Saskatchewan health minister takes responsibility for COVID-19 communication shortfalls

Saskatchewan Health Minister Jim Reiter, pictured in Winnipeg in 2018, says he takes partial responsibility for poor communication around COVID-19 outbreaks in the northern part of the province. John Woods / The Canadian Press

Saskatchewan Health Minister Jim Reiter says he takes “some responsibility” for inconsistent and slow communication around developing COVID-19 outbreaks in the northern part of the province.

“The buck stops with the minister. The entire operation is under my responsibility, so certainly I’ll accept responsibility,” Reiter told reporters via teleconference Monday.

As of Monday, there were 97 active cases of COVID-19 in the far north of the province.

An outbreak was first declared in La Loche on April 17. In the days that followed, the Saskatchewan Health Authority’s medical health officer for the northern population unit told the media it was “under control.”

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Despite criticism of the language from the NDP Opposition leader, Reiter maintains he did not use those words.

The situation was — and is — rapidly evolving, he said.

“It seemed like it was under control, but there was a flare-up, there was additional problems,” Reiter said.

“A lot of work needs to be done,” the health minister said, adding the government will be taking “a more active role” in the entire region.

Now, there is an outbreak in Beauval as well. It was declared by the health authority on May 1.

The province publicly announced “a cluster of cases” at the Lloydminster hospital on April 29, days after it was identified by local health officials.

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According to Reiter, the prairie north medical health officer emailed the ministry of health the night of April 27. Reiter said he first learned of it midday April 28 and upon a request for more information, was briefed later that night.

He said he reported it to the premier in the morning of April 29. The outbreak was declared that afternoon.

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It could have been handled better, Reiter said.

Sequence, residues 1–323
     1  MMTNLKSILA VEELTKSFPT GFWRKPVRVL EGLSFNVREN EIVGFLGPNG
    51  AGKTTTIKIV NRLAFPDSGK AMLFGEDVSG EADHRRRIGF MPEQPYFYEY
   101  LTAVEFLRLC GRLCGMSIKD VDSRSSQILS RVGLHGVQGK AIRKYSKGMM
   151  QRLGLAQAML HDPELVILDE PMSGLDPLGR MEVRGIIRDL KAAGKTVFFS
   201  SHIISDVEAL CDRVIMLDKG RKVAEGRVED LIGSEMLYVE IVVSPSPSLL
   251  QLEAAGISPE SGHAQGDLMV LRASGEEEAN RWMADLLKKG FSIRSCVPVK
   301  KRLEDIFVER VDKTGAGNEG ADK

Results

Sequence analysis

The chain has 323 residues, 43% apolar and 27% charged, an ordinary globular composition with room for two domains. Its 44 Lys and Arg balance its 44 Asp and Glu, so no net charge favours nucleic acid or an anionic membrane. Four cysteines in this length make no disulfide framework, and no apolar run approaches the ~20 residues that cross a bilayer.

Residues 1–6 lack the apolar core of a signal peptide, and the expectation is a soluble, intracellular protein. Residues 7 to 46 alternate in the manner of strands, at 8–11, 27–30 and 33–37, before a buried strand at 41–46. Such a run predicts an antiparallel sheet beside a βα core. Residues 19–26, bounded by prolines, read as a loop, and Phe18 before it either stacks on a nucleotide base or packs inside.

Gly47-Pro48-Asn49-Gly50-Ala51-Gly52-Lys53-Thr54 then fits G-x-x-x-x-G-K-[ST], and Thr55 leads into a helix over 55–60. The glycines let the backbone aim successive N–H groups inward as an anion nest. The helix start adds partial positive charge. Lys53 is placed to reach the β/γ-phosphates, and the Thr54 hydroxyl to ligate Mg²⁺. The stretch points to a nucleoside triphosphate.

“Could we have done better in this case? Yeah, I think absolutely we could have,” Reiter said.

Reiter said the May 1 declaration of an outbreak at the Victoria Hospital in Prince Albert is an encouraging sign of communication improvements, noting it was made public “within hours.”

Questions about COVID-19? Here are some things you need to know:

Health officials caution against all international travel. Returning travellers are legally obligated to self-isolate for 14 days, beginning March 26, in case they develop symptoms and to prevent spreading the virus to others. Some provinces and territories have also implemented additional recommendations or enforcement measures to ensure those returning to the area self-isolate.

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Symptoms can include fever, cough and difficulty breathing — very similar to a cold or flu. Some people can develop a more severe illness. People most at risk of this include older adults and people with severe chronic medical conditions like heart, lung or kidney disease. If you develop symptoms, contact public health authorities.

To prevent the virus from spreading, experts recommend frequent handwashing and coughing into your sleeve. They also recommend minimizing contact with others, staying home as much as possible and maintaining a distance of two metres from other people if you go out.
For full COVID-19 coverage from Global News, click here.

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